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Epilepsy Drugs in Pregnancy May Affect Infants' Fine Motor Skills

Posted 25 Sep 2013 by Drugs.com

WEDNESDAY, Sept. 25 – Young children exposed to epilepsy drugs in the womb are at increased risk of having impaired fine motor skills, according to a new study. Exposure to the drugs in breast milk, however, does not appear to pose a threat. Researchers looked at data collected from Norwegian mothers about their children's language, behavior, and motor and social skills at the ages of 6 months, 18 months and 36 months. The women also provided information on breast-feeding during the first year for the study, which was published online Sept. 23 in the journal JAMA Neurology. Of the children in the study, 223 were exposed to one or more epilepsy drugs in the womb. At age 6 months, 11.5 percent of infants whose mothers took epilepsy drugs during pregnancy had impaired fine motor skills (which involve small muscle movements) compared with less than 5 percent of those who were not exposed ... Read more

Related support groups: Klonopin, Seizures, Clonazepam, Ativan, Valium, Lyrica, Lamictal, Topamax, Lorazepam, Depakote, Epilepsy, Diazepam, Keppra, Lamotrigine, Tegretol, Topiramate, Dilantin, Trileptal, Pregabalin, Carbamazepine

Epilepsy Drug Shows Promise as Weight-Loss Aid, Study Says

Posted 15 Oct 2012 by Drugs.com

MONDAY, Oct. 15 – A prescription medication originally developed to treat epilepsy may help obese adults shed weight when combined with routine nutritional counseling, researchers say. Patients who took 400 milligrams of the anti-seizure drug zonisamide daily for a year lost nearly 7.5 pounds more on average than those assigned to dietary and lifestyle changes alone, the new study found. But they also suffered more side effects than patients not taking the medication. "The question was to see if more weight loss could be achieved if we provided decent quality lifestyle intervention, mostly dietary counseling, along with this medication," said study lead author Dr. Kishore Gadde, director of the Obesity Clinical Trials Program at Duke University Medical Center in Durham, N.C. "And the answer was yes," Gadde said. The research, funded by the U.S. National Institutes of Health, appears ... Read more

Related support groups: Obesity, Zonisamide, Zonegran

Prescription Meds Can Put on Unwanted Pounds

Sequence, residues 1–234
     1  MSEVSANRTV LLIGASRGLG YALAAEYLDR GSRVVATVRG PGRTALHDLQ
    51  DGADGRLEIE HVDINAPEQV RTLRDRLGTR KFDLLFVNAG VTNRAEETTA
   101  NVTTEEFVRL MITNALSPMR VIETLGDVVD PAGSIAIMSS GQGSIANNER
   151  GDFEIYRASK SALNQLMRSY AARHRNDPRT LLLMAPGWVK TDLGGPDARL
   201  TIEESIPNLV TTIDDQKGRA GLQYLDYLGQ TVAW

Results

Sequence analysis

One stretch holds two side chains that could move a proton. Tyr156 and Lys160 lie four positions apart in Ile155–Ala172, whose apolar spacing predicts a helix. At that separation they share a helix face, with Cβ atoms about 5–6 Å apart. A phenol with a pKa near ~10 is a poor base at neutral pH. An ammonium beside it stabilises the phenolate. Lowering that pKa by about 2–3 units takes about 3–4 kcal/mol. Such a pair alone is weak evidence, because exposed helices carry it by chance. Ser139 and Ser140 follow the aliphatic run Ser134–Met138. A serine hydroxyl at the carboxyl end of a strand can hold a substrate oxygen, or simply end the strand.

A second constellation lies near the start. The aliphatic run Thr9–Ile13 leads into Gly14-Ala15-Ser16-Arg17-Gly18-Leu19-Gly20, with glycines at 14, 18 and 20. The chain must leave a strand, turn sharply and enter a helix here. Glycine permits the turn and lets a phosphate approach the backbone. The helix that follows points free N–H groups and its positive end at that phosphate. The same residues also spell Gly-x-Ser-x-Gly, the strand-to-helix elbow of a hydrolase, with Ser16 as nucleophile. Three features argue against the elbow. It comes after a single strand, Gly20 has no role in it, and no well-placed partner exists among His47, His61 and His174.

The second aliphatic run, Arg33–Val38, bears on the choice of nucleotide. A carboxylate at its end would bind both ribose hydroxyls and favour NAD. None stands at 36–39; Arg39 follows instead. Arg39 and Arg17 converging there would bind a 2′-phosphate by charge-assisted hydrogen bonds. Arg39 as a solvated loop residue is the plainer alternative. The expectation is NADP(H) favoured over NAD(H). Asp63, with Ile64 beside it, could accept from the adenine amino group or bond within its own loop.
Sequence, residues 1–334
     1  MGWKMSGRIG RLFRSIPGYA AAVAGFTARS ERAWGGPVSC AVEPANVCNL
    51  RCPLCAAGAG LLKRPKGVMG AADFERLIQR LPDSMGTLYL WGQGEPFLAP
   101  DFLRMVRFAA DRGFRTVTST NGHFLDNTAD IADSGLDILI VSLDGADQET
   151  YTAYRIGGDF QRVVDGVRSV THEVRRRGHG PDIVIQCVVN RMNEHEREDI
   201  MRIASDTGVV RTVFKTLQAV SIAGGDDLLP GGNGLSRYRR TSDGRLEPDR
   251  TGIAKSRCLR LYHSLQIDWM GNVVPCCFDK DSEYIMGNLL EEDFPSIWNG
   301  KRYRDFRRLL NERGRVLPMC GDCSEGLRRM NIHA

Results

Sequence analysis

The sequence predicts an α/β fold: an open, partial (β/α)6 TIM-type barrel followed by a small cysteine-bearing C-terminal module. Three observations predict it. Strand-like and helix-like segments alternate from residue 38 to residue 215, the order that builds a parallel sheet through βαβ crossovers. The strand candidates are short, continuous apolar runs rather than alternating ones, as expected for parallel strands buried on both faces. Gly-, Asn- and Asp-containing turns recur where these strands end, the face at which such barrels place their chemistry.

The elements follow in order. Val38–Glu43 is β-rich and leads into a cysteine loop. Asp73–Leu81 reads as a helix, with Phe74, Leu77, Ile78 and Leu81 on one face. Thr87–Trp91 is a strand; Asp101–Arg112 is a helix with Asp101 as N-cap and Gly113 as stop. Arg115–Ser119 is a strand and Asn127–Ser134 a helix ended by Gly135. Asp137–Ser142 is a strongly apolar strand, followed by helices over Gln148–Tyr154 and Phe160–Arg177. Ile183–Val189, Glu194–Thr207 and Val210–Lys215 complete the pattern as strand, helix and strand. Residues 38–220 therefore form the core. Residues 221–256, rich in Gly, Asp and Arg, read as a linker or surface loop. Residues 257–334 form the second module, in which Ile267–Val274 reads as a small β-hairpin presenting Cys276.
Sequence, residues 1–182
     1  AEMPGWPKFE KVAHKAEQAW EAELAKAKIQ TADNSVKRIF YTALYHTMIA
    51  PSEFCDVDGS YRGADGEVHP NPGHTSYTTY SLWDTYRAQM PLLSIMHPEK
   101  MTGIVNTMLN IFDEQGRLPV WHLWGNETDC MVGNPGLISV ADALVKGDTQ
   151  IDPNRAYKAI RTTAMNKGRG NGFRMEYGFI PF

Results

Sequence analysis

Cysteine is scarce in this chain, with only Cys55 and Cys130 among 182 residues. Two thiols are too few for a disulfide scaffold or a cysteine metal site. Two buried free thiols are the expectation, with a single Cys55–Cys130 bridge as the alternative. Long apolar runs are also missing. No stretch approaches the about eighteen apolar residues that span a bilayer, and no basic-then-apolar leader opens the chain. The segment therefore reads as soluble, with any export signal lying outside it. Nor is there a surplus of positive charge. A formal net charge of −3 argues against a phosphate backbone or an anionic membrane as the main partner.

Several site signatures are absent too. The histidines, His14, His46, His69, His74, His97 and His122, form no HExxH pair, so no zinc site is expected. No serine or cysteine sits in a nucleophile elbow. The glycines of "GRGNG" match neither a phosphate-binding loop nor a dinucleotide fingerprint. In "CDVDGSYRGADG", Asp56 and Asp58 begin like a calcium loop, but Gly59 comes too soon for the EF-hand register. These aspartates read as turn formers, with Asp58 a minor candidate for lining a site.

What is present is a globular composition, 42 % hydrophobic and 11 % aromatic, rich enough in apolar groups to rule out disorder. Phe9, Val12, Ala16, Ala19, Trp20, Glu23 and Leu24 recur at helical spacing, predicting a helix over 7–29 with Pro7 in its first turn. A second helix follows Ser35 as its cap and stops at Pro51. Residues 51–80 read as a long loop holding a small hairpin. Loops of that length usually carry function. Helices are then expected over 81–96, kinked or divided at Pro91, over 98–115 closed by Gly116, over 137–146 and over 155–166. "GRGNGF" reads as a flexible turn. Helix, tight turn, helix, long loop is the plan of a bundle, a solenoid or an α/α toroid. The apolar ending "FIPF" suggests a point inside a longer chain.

Posted 2 Mar 2012 by Drugs.com

FRIDAY, March 2 – Medications taken by millions of Americans for mood disorders, high blood pressure, diabetes and other chronic conditions can have an unhealthy side effect: weight gain. While other choices exist for some types of drugs, adjusting medications is not simply a matter of switching, said Ryan Roux, chief pharmacy officer with the Harris County Hospital District, in Houston. In the late 1990s, Dr. Lawrence Cheskin conducted early research on prescription medicines and obesity. "Some medicines make an early, noticeable difference, causing patients to become ravenously hungry, while changes are subtle for others. A few months taking them and you've gained 10 pounds," said Cheskin, now director of the Johns Hopkins Weight Management Center, in Baltimore. To help increase awareness, Roux and his pharmacist group have compiled a list of "weight-promoting" and "weight-neutral or ... Read more

Related support groups: Plan B, Bipolar Disorder, High Blood Pressure, Diabetes, Type 2, Zoloft, Wellbutrin, Gabapentin, Prednisone, Prozac, Mirena, Metformin, NuvaRing, Sprintec, Provera, Nexplanon, Seroquel, Implanon, Depo-Provera, Hypertension, Paxil

Epilepsy Drugs Don't Raise Suicide Risk, Study Shows

Posted 5 Aug 2010 by Drugs.com

WEDNESDAY, Aug. 4 – In 2008, the U.S. Food and Drug Administration required epilepsy medications to bear a warning label about an increased risk of suicidal behaviors. The move came after an agency review of 199 studies that found patients taking the drugs showed about twice the risk of suicidal behavior. But now a study of more than 5 million patients contradicts the FDA's findings. It suggests that the increased risk of suicide has more to do with the conditions for which these drugs are prescribed than the medications themselves. For the study, researchers in Spain and the United States evaluated the health records of primary care patients in England. They found that people with epilepsy who currently use an antiepileptic drug are at no greater risk of suicide-related events than those who aren't taking the medications. "In our opinion, in the long term, it is not the drugs ... Read more

Related support groups: Gabapentin, Lyrica, Lamictal, Topamax, Neurontin, Depakote, Keppra, Lamotrigine, Tegretol, Topiramate, Trileptal, Pregabalin, Carbamazepine, Depakote ER, Levetiracetam, Oxcarbazepine, Zonisamide, Divalproex Sodium, Tegretol XR, Zonegran

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